Beth Milne is a past member of the 50CAN team. 

Here are news and opinion stories educators, advocates, policy wonks and makers are talking about today:
News and Analysis 
With millions of students across the United States set to begin returning to school in coming weeks, the U.S. Department of Education issued guidance Wednesday for states and school districts on how to respond to the specific needs of homeless students. (The Washington Post)
Odes to teachers and calls to prevent gun violence in classrooms highlighted the K-12 talk during Wednesday night’s Democratic National Convention program, devoted mainly to boosting presidential nominee Hillary Clinton and her running mate, Virginia Sen. Tim Kaine. (Education Week)
Major conductors and soloists perform repertory staples while students play in large ensembles and have the chance to participate in chamber music, private lessons, master classes and more. (The Wall Street Journal)
There’s a new book out about the student loan crisis, or what author Sandy Baum suggests is a “bogus crisis.” Baum, a financial aid expert and senior fellow at the Urban Institute, claims it’s been manufactured by the media in search of a spicy story and fueled by politicians pushing “debt free college” proposals. (NPR)
Last September, the public-school teachers in Seattle, Washington, voted to go on strike on the first day of school. The most high-profile reason for striking was the teachers’ pay: Between 1999 and 2012, salaries for public-school teachers in Washington declined by 4.5 percent. Since the strike, they have successfully bargained on issues including pay, support and funding for special education, and removing standardized-testing scores from teacher evaluations. (The Atlantic)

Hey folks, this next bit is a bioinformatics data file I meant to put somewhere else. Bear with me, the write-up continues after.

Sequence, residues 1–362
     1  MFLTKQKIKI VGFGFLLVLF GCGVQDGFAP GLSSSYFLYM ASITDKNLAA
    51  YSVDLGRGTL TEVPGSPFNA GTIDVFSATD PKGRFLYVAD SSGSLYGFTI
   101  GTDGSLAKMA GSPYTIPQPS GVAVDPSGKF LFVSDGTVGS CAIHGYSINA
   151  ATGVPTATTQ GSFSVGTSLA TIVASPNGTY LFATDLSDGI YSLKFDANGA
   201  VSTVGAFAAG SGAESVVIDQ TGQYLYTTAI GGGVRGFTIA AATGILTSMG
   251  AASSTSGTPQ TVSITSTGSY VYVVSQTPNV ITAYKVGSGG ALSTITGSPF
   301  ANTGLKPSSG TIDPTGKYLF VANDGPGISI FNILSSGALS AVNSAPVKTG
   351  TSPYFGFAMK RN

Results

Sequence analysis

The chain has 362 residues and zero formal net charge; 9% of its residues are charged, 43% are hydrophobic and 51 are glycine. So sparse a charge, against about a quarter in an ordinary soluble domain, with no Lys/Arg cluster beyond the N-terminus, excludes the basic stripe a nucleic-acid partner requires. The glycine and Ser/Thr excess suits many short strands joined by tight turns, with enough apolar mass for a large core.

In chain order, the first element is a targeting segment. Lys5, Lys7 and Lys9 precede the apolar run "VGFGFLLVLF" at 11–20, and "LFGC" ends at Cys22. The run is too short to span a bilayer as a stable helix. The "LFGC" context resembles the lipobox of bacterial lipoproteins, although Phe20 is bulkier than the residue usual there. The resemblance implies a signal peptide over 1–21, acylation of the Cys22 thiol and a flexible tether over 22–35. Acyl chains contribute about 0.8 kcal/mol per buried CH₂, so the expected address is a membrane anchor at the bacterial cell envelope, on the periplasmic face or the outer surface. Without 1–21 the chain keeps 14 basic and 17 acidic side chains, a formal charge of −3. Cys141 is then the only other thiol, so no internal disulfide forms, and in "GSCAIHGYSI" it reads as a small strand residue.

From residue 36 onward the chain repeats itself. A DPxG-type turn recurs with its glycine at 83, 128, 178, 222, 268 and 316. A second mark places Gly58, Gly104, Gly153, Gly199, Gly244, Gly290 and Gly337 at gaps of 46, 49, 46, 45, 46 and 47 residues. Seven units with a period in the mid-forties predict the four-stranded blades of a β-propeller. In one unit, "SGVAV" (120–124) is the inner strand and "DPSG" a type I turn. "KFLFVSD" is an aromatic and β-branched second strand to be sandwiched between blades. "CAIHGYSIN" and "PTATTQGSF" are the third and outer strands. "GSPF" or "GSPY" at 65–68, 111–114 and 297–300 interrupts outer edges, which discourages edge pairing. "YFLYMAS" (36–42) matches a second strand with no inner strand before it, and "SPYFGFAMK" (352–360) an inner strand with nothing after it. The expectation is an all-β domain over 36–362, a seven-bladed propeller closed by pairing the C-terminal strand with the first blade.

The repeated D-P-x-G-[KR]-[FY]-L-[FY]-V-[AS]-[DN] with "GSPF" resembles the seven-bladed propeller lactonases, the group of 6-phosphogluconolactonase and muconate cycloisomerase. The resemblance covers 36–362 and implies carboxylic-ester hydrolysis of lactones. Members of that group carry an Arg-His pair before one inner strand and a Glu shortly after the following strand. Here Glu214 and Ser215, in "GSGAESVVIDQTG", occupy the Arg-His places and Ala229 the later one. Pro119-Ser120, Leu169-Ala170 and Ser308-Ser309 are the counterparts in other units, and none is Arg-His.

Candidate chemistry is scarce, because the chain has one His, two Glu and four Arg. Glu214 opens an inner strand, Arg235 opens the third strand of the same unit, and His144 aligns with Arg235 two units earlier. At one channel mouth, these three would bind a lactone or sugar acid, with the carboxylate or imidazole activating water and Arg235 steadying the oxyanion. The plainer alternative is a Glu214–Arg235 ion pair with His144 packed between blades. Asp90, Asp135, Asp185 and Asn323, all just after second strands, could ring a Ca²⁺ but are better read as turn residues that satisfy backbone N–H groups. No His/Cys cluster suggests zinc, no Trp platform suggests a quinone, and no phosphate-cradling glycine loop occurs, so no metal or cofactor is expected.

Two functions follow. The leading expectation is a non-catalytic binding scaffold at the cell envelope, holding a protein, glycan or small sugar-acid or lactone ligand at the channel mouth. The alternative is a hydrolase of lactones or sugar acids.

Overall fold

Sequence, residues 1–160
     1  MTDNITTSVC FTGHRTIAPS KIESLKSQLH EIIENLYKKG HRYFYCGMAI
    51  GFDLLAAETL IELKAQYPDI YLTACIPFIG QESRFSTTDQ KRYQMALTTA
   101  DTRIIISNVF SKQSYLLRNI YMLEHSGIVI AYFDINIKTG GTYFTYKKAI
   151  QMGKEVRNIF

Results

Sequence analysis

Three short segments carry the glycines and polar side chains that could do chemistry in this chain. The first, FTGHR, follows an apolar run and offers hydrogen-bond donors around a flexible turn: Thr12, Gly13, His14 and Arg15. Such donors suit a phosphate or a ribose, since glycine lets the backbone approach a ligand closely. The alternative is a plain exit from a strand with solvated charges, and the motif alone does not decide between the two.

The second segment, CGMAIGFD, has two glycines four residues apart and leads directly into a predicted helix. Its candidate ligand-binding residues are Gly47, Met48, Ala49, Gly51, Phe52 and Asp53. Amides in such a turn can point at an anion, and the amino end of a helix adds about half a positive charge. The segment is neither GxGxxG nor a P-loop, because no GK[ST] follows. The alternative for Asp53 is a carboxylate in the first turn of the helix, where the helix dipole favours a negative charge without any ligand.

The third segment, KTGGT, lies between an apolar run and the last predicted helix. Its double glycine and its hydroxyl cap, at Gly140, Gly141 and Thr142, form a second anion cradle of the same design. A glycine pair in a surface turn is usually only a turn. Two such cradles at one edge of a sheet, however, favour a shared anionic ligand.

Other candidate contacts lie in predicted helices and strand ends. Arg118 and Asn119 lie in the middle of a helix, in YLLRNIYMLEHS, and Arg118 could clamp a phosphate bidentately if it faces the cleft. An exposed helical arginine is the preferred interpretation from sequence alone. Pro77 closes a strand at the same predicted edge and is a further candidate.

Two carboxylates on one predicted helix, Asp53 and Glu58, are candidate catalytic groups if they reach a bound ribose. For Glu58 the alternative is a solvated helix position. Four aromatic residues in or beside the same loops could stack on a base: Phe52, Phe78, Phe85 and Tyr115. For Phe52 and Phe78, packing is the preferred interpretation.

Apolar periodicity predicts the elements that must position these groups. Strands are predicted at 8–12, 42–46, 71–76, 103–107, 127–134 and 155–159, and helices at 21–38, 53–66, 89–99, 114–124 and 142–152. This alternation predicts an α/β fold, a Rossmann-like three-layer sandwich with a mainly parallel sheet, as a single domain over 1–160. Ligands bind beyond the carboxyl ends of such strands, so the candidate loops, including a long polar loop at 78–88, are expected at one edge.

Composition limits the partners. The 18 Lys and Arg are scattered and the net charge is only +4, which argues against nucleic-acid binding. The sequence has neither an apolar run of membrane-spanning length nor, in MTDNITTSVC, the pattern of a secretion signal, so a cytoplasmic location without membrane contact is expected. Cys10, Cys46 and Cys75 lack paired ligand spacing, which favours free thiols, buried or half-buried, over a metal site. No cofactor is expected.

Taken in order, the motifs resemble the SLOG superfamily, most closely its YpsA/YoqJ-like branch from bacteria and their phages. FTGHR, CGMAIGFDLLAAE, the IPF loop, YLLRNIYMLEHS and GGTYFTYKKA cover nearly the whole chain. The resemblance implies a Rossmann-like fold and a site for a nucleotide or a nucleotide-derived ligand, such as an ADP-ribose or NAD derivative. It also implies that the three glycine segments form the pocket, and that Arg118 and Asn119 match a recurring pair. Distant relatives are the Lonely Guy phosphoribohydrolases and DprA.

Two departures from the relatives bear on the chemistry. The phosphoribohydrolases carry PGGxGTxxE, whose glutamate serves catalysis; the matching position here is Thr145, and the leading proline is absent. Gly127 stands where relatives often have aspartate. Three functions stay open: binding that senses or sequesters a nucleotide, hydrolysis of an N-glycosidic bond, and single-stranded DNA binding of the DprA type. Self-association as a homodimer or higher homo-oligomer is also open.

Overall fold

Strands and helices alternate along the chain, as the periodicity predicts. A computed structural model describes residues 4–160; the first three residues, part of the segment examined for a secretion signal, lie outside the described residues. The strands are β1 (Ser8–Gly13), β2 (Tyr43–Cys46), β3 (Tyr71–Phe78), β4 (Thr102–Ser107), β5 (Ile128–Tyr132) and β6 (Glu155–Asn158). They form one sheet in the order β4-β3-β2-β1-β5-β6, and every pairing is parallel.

The Chicago Teachers Union and the school board are set to begin a fresh round of contract talks that will take place as the school district readies a budget that officials say will be balanced despite a lingering $300 million deficit. (Chicago Tribune)
For years, parents in the nation’s second largest school district have faced disarray when trying to find the best place for their kids to learn. There are about 10 types of public schools in the Los Angeles Unified School District, many with their own admissions processes and schedules. (Los Angeles Times)
California is on the verge of finalizing what leading educators believe is the most ambitious attempt in the nation to use multiple dimensions to measure how well – or poorly – a school or district is doing, rather than focusing primarily on test scores. (EdSource)


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